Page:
How to Create a VPN server (home or Office)

How to create the VPN server interface, step-by-step
1. Click Start | Control Panel.
2. In the Control Panel, open the Network Connections applet.
3. In the Network Connections window (see Figure A), open the New Connection Wizard.
Figure A

The Network Connections window
4. On the Welcome To The New Connection Wizard page, click Next.
5. On the Network Connection Type page (see Figure B), select the Set Up An Advanced Connection option.
Figure B
On the Advanced Connection Options page (see Figure C), select the Accept Incoming Connections option and click Next.
Figure C

Configuring XP to accept incoming connections
7. On the Devices For Incoming Connections page (see Figure D), you can select optional devices on which you want to accept incoming connections.
Figure D

Note that you are not presented with any of the network interfaces on the computer.
8. On the Incoming Virtual Private Network (VPN) Connection page (see Figure E), select the Allow Virtual Private Connections option and click Next.
Figure E
9. On the User Permissions page (see Figure F), select the users that are allowed to make incoming VPN connections. Click Next.
Figure F

Any user that isn't selected won't be able to initiate an incoming connection.
10. On the Networking Software page (see Figure G), click on the Internet Protocol (TCP/IP) entry and click the Properties button.
Figure G

Configuring TCP/IP properties
11. In the Incoming TCP/IP Properties dialog box (see Figure H), place a check mark in the Allow Callers To Access My Local Area Network check box. This will allow VPN callers to connect to other computers on the LAN. If this check box isn't selected, VPN callers will only be able to connect to resources on the Windows XP VPN server itself. Click OK to return to the Networking Software page and then click Next.
Figure H

Granting LAN access to callers
12. On the Completing The New Connection Wizard page, click Finish to create the connection.
After the Incoming Connection is complete, right-click on the connection in the Network Connections window and select the Properties command (see Figure I).
Figure I

Accessing the properties of the VPN server link
Note that on the General tab of the Incoming Connections Properties page (see Figure J) that no devices are listed. The comment No Hardware Capable Of Accepting Calls Is Installed isn't true, since you can now create VPN connections to both network interface cards. In practice, there is no point in creating a VPN connection to the internal interface card.
Figure J

VPN clients will only call the external IP address of the Windows XP Professional VPN server.
VPN server optimization tips
The New Connection Wizard made it easy to create the VPN server interface, but you can still do more to optimize your VPN connections. First, note that you can create PPTP or L2TP/IPSec VPN connections. Figure K shows the connection status dialog box of a Windows XP VPN client connected to a Windows XP VPN server. Note that MPPE 128-bit encryption is automatically enabled and that Microsoft CHAP v2 is used for authentication.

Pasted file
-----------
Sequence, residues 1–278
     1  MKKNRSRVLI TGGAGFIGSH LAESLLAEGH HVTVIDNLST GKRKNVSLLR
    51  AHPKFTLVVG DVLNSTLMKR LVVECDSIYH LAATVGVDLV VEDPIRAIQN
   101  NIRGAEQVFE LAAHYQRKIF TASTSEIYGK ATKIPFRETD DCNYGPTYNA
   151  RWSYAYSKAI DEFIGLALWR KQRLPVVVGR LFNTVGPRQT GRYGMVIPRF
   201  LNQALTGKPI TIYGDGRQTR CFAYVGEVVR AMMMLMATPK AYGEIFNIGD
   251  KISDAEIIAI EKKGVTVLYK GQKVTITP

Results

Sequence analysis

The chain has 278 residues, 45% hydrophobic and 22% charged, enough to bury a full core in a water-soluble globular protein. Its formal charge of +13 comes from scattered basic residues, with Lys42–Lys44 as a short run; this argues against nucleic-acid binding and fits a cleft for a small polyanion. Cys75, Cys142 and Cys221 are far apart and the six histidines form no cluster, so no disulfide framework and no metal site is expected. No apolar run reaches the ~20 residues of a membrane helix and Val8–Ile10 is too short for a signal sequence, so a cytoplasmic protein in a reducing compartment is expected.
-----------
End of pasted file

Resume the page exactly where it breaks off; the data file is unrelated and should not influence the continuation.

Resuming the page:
Figure K

If both machines had machine certificates from the same Certification Authority installed, an L2TP/IPSec VPN link could have been negotiated.
If you want the VPN client to access resources on the internal network, the IP address assigned to the VPN client should be on the same network ID as the internal interface of the Windows XP VPN server computer. In addition, all the machines on the internal network should have a default gateway set using the IP address of the internal interface of the Windows XP VPN server.
In the unlikely event that the SOHO has multiple network segments, the routing table on the Windows XP VPN server needs to be configured with paths to the various internal network IDs. You can use the ROUTE ADD command to create these routing table entries.
Small networks that use a Windows XP Professional machine for a VPN server probably won't have network services such as WINS or DNS. If name resolution on the private network is an issue for the VPN client, then you should create a LMHOSTS file, a simple text file that contains name and IP address mappings. For example, the following line could represent an entry in an LMHOSTS file:
10.0.0.2 DEFIANT
The VPN client must be configured with an IP address or host name for the Windows XP Professional VPN server. If the Windows XP Professional client has a dedicated link to the Internet and a static IP address, you can use that IP address in the VPN client configuration interface. However, if the Windows XP Professional VPN server is assigned an IP address via DHCP, you'll have to use an Internet host name and a method of registering the host name dynamically. A couple of services you might want to look into are TZO and DYNDNS. Both of these services will let you dynamically register a computer's IP address into the public DNS database.
Conclusion
Windows XP Professional provides simple VPN server capabilities that let you connect single VPN clients to your internal network, one at a time. If the Windows XP Professional computer has a dedicated connection to the Internet, you can connect to that computer from virtually anywhere in the world using a VPN link. The VPN server setup is simple and can accept calls from any Windows PPTP or L2TP/IPSec client.
Posted by: Jaime
blognizend, Updated at: 8:23 PM
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